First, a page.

The New York Times ran this piece on Sunday suggesting that (surprise!) the earmarking issue is a birpartisan problem - despite the legacy of Duke Cunningham, Jack Abramoff and others, the soon-to-be Democrat-controlled Congress seems less than enthusiastic about shutting off the pipeline of pork.
Is it any wonder Congress doesn't want to take its hand out of the cookie jar? But on November 7th voters make corruption a major issue, and, as the San Francisco Chronicle says in this editorial on ethics reforms they want to see, if Democrats want to avoid being on the receiving end of voters' wrath in the next cycle, they'd better change things, and fast.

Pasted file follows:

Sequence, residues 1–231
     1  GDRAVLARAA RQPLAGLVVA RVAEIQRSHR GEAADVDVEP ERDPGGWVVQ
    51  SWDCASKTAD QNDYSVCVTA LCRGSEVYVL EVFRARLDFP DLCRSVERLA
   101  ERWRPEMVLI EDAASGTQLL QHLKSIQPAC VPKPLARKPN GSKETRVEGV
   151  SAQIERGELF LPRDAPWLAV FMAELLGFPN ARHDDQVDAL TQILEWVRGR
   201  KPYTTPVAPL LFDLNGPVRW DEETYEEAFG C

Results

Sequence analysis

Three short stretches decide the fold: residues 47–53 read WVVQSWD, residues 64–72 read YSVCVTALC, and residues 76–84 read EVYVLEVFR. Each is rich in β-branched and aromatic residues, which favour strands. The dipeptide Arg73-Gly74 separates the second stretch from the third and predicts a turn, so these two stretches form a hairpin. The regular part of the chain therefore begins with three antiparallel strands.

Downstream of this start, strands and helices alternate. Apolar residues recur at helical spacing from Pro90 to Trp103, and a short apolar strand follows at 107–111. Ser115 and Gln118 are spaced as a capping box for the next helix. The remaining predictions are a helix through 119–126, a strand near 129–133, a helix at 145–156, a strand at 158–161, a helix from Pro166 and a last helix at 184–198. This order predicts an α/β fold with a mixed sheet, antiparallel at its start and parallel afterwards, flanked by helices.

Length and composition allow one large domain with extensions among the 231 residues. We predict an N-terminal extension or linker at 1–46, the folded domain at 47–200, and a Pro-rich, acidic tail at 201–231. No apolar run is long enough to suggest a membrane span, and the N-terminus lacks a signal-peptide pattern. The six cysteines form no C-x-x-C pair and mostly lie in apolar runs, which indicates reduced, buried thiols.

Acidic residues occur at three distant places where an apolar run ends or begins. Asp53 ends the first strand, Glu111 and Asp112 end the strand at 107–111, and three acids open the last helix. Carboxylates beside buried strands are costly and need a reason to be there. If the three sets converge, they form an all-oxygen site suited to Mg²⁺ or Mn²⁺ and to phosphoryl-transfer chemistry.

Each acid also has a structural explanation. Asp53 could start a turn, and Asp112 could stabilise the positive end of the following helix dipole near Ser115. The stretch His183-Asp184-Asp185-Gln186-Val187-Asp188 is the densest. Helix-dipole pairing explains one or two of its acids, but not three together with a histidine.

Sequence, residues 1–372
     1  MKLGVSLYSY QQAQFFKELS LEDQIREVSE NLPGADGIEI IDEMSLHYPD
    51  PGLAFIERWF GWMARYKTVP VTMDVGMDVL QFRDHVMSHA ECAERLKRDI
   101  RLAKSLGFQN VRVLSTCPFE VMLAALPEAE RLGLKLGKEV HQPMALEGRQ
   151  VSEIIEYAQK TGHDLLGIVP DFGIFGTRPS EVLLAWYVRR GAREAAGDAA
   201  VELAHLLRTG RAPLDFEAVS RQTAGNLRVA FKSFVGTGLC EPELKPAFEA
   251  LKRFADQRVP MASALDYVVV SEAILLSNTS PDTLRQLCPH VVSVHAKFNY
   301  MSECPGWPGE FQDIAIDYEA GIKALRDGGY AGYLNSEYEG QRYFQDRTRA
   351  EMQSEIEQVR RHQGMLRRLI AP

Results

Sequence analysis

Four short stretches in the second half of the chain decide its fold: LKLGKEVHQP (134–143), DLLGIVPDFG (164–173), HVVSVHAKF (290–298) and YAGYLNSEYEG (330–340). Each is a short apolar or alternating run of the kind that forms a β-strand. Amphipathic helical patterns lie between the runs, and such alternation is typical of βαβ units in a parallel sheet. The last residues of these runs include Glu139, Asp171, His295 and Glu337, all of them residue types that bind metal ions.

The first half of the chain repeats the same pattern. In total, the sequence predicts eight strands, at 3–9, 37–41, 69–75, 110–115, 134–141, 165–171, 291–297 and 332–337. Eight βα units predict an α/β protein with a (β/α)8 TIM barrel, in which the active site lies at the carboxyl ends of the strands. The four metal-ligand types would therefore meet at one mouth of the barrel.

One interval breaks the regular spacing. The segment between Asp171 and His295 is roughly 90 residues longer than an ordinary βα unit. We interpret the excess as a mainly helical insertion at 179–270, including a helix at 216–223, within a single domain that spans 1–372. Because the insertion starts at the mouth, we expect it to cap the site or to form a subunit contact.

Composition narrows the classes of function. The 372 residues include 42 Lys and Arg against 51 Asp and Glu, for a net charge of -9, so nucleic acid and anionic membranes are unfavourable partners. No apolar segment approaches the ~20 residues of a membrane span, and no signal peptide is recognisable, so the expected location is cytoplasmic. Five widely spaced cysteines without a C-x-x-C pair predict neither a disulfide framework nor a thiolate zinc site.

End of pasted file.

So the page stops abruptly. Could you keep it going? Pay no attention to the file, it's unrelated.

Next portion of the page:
The Chronicle editorial lists some good initial steps, but a Congress serious about reform would move to address the fundamental conflict in a system where the influence of a few wealthy interests determines public policy for all of us. Without congressional public financing to remove the influence of special interest dollars, it's just going to be the same old story, over and over.